Although Beyoncé’s first official country song was ‘Daddy Lessons’, from the 2016 album Lemonade, containing a sample from country duo Dixie Chicks, this song wasn’t as successful on the charts as her other hits in the album, such as ‘Hold Up’, ‘Sorry’ and ‘Formation’. The song did garner enough attention for her to be asked to perform at the Country Music Association Awards in Nashville, Tennessee. Beyoncé performed live at the award show with the Dixie Chicks, which was well received by the guests in the Bridgestone Arena. However, after the performance was uploaded online, the media expressed their dislike and outrage at the choice. Many complaints expressed their frustration over their political stances. The outrage it garnered and the subsequent removal of the performance from the CMA’s website shows the dislike for the possible Hollywoodization of the country genre.

Perhaps this fear of big stars being in the country genre would change the music and how things are done in Nashville, bringing them closer to the rest of the music fold in Los Angeles. This can be seen in the removal of Taylor Swift in the country legends mural in Nashville. They felt as though Taylor Swift was no longer a country star as she left the genre, switching from country to pop and, more recently, to alternative with her Folklore album. Although it was claimed that she needed to be celebrated differently as she is no longer a country legend, it feels as though the country music association and sphere in Nashville would rather glorify a current country singer than keep Swift there due to her country origin.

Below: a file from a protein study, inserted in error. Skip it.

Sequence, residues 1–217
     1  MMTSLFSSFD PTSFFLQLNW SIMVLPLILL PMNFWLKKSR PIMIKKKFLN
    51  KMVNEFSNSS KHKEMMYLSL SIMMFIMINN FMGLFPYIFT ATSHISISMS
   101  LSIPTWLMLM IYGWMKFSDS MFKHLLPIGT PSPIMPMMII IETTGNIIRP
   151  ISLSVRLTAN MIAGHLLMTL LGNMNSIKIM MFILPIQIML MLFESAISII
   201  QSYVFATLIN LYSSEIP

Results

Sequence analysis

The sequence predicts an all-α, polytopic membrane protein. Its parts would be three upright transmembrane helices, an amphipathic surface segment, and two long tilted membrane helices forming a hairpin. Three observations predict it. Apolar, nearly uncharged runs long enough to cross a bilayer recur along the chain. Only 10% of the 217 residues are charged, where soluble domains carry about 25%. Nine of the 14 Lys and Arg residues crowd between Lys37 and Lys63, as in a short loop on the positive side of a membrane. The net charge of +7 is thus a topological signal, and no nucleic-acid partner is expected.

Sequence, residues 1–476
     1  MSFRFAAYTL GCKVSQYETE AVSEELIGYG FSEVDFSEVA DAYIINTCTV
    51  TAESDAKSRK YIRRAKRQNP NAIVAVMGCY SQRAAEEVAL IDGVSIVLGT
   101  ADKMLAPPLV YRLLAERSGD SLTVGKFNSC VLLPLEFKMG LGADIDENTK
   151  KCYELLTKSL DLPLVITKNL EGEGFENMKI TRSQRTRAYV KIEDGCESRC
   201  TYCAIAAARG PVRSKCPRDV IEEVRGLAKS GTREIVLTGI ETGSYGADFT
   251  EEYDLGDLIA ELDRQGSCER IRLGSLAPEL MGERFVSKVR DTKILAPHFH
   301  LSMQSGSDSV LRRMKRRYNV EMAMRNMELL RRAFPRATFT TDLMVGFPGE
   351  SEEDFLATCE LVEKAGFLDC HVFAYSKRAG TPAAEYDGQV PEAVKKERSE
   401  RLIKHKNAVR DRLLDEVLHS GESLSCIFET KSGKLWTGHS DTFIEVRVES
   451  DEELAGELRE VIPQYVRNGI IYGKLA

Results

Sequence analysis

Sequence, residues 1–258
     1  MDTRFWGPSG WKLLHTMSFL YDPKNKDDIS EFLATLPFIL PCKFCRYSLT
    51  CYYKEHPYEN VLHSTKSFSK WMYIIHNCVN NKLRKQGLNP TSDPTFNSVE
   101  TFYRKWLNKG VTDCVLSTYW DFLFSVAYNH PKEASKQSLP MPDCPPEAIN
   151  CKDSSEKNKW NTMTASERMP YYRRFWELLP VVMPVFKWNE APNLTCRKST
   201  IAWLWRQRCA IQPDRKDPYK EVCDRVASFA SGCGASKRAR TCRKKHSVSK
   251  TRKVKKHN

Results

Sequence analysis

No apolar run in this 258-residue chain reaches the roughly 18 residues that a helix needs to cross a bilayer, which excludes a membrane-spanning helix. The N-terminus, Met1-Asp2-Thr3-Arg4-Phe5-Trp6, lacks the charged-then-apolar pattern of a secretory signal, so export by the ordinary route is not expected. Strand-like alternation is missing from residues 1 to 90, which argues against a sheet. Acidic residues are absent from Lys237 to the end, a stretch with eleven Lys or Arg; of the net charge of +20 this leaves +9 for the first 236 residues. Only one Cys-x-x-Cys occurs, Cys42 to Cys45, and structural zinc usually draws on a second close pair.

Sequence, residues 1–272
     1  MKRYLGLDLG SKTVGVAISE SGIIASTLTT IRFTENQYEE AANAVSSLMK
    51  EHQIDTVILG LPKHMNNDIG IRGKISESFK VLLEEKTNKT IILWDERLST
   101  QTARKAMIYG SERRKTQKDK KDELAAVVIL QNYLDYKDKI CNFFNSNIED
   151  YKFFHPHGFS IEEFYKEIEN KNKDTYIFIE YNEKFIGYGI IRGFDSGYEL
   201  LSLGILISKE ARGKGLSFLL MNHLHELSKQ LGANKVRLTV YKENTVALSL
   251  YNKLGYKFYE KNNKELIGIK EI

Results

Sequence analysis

Country music being separated from the other genres is not a problem within itself. However, it becomes problematic when artists want to cross the bridge and expand into the genre due to the hostility and backlash it breeds. If the country scene does not welcome new people and continues to distance itself from mainstream Hollywood genres, will the anticipated country album be met with the same animosity and hatred as her onstage performance of ‘Daddy Lessons’? The genre could become vaster and more popular if they adopted a more welcoming approach to artists extending into country music. Now that Beyoncé is at the top of the country charts, the big question is, will she be recognised and nominated for the Country Music Association Awards? Act II will undoubtedly rock the boat, with critics like John Schneider possibly remaining against her genre switch. ‘TEXAS HOLD ‘EM’ success shows that perhaps the country scene might be moving away from its separatist past as they accept Beyoncé in her country era.

Words by Amira Nur